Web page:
If you've got debts or a mortgage, overpaying often beats saving.

Paying off costly debts should come before putting money down for the future. For comparison's sake, let us say you have £1000 in savings earning up to £20 per year, and you also have £1800 in credit card debt at an APR of 18%. You will be almost £160 better off after the loan is paid off using the money you saved.

Instant Access Savings Account — Best Money Tips to Supercharge Savings

Do you think combining money and marriage issues is a recipe for disaster? You’re not alone. Money is the number one issue married couples fight about, and it’s the second leading cause of divorce, behind infidelity. When we talk about money in relationships of any kind, we’re bound to find some frustration and tension.

No matter how much you love your spouse, trying to merge your lives — and “his and her money” — can be a bumpy (but still beautiful!) ride. After all, you both are coming from different life experiences, and the way you perceived and internalised those experiences was probably very different. That’s why you sometimes have two very different views on money!

Whether or not you are married, here are savings lessons that have stood the test of time, to give you more peace of mind and success monetarily. 

Growing Actual Credit (Having More Cash 💵)

Imagine who you could be, then aim single-mindedly at that.

Jordan Peterson

#1. Keep track of every penny you spend.

I’ve written before about the zero-based budget, in which every pound is allocated specifically. Zero-based budgeting is a method of financial planning in which you do not spend more than you bring in each month.

Therefore, if you earn £5,000 per month, you are employing all £5,000.  You are able to bend every dime to your will. Prior to the start of the month, each pound is given a name.

As a result, some of those funds go toward meeting day-to-day needs, while others are set aside for longer-term objectives like buying a vehicle or eliminating debt. All of your money gets allocated in the end.

It was eye-opening to budget in this manner rather than merely use an app to keep track of my money. What I had assumed to be a comfortable gap between my monthly income and spending turned out to be far less than I had anticipated.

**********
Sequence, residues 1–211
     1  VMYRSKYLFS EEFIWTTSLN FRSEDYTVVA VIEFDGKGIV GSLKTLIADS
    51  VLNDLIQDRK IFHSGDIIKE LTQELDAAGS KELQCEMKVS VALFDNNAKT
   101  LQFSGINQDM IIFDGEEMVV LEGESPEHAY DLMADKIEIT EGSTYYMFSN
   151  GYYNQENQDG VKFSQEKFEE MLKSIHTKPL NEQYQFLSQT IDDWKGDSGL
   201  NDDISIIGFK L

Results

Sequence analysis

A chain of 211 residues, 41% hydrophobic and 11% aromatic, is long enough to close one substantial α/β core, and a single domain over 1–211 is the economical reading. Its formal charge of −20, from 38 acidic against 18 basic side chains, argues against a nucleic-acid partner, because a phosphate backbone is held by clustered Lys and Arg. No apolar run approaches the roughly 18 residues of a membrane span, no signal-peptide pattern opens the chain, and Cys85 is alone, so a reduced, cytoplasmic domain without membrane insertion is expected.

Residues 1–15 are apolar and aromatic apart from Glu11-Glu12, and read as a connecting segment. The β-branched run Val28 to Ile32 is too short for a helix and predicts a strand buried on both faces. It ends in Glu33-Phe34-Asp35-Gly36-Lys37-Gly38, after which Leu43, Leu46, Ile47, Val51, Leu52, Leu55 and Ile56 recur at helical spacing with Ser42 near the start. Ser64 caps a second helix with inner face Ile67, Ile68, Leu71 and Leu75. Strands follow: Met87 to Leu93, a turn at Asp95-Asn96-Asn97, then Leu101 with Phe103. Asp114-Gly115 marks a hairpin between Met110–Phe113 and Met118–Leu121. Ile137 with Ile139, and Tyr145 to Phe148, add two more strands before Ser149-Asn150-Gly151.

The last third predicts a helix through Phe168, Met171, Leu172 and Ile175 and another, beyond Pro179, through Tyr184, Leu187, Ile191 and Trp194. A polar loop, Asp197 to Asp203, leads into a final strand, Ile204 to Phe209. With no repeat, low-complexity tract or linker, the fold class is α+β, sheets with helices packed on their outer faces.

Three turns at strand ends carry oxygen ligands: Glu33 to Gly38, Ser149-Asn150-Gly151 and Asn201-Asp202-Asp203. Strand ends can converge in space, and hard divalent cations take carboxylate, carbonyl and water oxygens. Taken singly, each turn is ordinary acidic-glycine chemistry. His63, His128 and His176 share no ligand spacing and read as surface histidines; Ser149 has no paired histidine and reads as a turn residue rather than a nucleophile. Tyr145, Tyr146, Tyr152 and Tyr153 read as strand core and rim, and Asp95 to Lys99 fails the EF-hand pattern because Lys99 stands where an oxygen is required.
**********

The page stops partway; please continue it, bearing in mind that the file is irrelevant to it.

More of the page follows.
#2. Adjust your lifestyle to suit your needs, not those of the masses.

Most British people now consider carrying debt to be normal. It is common practice to buy a £30,000 automobile with no down payment and large monthly payments. It is typical to borrow as much money as possible when purchasing a home. However, commonplaceness does not imply competence. 

Ramsey says that if you commit to being unique, you will eventually be able to live independently from everyone else. While I would prefer otherwise, this is a pretty accurate statement regarding the mindset you will need to have when handling money. You need to resist the peer temptation to spend lavishly if you want to invest wisely and generate long-term wealth. 

#3. Get everyone in the team on the same page.

You and your spouse have a communication issue, not a financial one. One of the most essential things you can do to improve your financial life and your quality of life as a couple is to find common ground with your partner on all issues of money.  For example, you and your partner may sit down and talk about money once a month.

#4. Realise that concentrating means shutting out distractions.

In most cases with long-term goals, it is advisable to zero down on a single target, since it is the one with the most potential return. Momentum may be gained via concentration as well.  

Instead of trying to save for retirement, pay off high-interest debt, and build a three- or six-month emergency fund all at once, the baby steps advise focusing on paying off your high-interest debt after building a £1,000 emergency fund. Although I would not strictly adhere to this rule (e.g., passing up a pension match to pay off low-interest student loans), it is generally accurate. 

#5. Prevent the build-up of errors.

It is not surprising that many Brits owe more on their automobile than it is worth, given the prevalence of auto debt (as mentioned in the first item on this list). After all, while the value of a new car drops quickly, a new car loan does not. 

As a result, many individuals wonder whether they should retain the automobile or sell it to get out of debt. You should not have more than half of your yearly salary invested in your car collection.

#6. Keep in mind the 80/20 rule.

Only 20% of financial success can be attributed to intelligence and aptitude. Paying off the debts with the smallest sums first, as advocated by Ramsey's debt snowball, has come under fire from certain quarters since it prioritises convenience above saving money.

That is an honest assessment, too. If you want to save the most money and get out of debt as quickly as possible, prioritise the debt with the highest interest rate.